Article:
A future government led by Peter O'Neill will be cautious about implementing new media laws, and will push only those that bolster press freedom.

But the PM says a changing media landscape, with the growth of internet, mobile access and social media, will see future governments passing laws to "expand and expound" on media freedoms.

Past governments had failed to create laws enabling freedom of information to support and provide clarity to PNG's constitutionally-guaranteed freedoms.

"Any future PNG government under my watch as head of government ... will be very cautious about any legislation aimed at defining or redefining the boundaries of freedom of the media, freedom of expression and freedom of information," O'Neill said in a statement.

"(Legislation considered) should only be confined to aspects of definition, responsibility and clarity of these freedoms and without any real or implied imposition of restrictive and regulatory provisions.

"There is no shortage of examples of what restrictive media and information laws have done to nation states within our region and worldwide.

The comments were delivered by Communications Secretary Kora Nua at a media freedom workshop in Port Moresby on Thursday on behalf of O'Neill.

The workshop was co-hosted by the International Federation of Journalists and the PNG Media Workers Association, and was held to launch the Press Freedom in the Pacific report. The launch in Port Moresby also coincided with World Press Freedom Day.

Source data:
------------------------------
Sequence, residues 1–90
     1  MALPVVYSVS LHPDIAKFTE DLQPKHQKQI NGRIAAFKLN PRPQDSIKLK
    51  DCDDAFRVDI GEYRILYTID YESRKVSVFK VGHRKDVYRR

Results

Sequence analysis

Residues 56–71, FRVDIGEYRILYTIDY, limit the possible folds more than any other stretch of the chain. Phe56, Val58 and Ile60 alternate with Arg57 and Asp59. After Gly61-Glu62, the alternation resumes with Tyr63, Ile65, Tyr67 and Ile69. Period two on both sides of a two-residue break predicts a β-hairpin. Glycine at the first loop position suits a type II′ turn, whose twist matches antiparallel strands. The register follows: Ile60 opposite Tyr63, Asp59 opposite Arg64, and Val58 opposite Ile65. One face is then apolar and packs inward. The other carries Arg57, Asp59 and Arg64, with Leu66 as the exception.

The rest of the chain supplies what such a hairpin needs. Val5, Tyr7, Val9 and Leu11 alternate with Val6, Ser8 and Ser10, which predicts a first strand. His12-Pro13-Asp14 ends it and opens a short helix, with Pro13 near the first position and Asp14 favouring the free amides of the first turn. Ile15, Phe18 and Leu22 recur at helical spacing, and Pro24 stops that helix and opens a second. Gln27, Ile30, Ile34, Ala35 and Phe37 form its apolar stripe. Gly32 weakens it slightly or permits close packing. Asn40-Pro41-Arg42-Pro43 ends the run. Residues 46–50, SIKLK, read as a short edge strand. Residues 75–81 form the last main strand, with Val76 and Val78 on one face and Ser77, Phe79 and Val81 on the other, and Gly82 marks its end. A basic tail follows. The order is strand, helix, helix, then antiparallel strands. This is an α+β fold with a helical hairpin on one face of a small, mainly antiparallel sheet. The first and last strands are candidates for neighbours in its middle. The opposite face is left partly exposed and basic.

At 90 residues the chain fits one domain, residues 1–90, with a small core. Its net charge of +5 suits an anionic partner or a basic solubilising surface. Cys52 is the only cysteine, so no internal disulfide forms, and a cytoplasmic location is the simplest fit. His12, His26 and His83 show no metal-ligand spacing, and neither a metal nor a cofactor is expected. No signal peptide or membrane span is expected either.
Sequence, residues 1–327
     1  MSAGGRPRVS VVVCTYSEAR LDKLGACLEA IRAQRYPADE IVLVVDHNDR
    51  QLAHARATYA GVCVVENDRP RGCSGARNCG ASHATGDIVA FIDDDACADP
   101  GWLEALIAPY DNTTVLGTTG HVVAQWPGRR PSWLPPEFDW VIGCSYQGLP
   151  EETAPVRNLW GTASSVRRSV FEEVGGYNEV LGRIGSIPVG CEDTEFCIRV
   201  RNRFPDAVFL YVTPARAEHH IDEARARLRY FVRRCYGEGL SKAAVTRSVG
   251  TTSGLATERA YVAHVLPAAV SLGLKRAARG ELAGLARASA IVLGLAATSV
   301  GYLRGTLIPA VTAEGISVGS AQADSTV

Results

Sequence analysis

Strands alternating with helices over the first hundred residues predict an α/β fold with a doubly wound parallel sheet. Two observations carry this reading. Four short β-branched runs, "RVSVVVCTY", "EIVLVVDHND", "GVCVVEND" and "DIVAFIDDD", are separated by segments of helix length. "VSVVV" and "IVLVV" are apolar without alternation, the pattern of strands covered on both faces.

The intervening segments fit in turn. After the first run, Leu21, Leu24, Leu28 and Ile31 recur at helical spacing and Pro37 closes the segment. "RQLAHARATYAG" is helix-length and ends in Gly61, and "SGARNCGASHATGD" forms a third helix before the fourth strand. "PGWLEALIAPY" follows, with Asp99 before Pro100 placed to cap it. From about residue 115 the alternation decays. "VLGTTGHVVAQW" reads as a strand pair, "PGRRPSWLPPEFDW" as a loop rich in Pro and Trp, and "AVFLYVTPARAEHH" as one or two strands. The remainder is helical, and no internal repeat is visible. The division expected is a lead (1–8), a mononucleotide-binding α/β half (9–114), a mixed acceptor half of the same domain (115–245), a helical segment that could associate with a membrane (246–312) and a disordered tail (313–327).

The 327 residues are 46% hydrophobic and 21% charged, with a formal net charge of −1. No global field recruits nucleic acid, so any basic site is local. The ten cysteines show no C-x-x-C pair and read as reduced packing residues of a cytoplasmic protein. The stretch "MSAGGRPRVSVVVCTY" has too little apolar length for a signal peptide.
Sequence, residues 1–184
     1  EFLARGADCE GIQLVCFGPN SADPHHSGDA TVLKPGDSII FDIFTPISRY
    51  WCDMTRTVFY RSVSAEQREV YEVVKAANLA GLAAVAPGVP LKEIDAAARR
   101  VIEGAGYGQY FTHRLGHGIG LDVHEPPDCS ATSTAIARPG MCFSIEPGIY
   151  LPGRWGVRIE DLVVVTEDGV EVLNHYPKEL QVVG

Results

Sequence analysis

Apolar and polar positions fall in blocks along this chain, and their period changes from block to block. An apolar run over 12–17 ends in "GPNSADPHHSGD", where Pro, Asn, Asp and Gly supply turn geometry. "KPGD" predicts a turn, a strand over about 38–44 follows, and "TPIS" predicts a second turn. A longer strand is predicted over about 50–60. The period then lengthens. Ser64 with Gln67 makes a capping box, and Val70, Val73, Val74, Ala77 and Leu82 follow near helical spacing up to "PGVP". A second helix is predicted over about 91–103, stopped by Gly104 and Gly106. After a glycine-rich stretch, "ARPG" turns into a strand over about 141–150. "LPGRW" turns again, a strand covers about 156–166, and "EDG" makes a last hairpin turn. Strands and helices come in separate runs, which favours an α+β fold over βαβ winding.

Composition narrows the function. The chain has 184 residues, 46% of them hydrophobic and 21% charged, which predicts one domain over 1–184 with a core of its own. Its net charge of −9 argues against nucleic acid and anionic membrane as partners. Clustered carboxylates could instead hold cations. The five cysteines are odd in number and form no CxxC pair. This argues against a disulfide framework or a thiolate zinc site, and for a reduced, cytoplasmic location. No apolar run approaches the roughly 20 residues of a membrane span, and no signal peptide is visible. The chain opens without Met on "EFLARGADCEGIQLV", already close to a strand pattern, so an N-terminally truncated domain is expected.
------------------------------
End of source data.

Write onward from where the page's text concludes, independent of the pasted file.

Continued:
The O'Neill government recently caught flak from the United Nations High Commissioner for Human Rights, Navi Pillay.

Following two alleged attacks on journalists by police in recent months and the O'Neill government's recent moves to give parliament more control over judges, Pillay warned PNG was sliding towards lawlessness.

But with all signs now pointing to an election in the coming months, O'Neill's message may have also been aimed closer to home.

Parliament last week conducted a grievance debate which centred in part on the media and its coverage of the government.

Wewak MP Dr Moses Manwau told the chamber newspapers like The National were biased against the government.

"Newspapers are too biased. They must show some impartiality. What do you do with a newspaper like The National? They seem to be biased," The National quoted him as saying on Monday.

The story was printed days before Deputy Prime Minister and Logging Minister Belden Namah picked a fight with the paper's owner, timber company Rimbunan Hijau (RH), over a logging interest in the middle Ramu area.

Wong Tee Ing, a camp manager at the RH site, was threatened with deportation by Namah who said the company's subsidiary, Timber PNG, was operating illegally.

RH strongly denies this.

Citing the government's recent run in with the trade unions, National Capital District governor Powes Parkop told parliament funding should be reviewed for the national television station, Kundu 2.

"They gave (PNG Trade Union Congress general secretary John Paska) something like 10 minutes on air, and then the PM was cut off because of a technical fault," he told AAP later, referring to news coverage of the union threat to strike.

But he says attacking media freedom is not the way to go.

"I want to see them funded properly," he said.

"The last government had 20 million kina ($AUD9.4 million) budgeted for them, but they never got it. Either we fund them properly, or we privatise."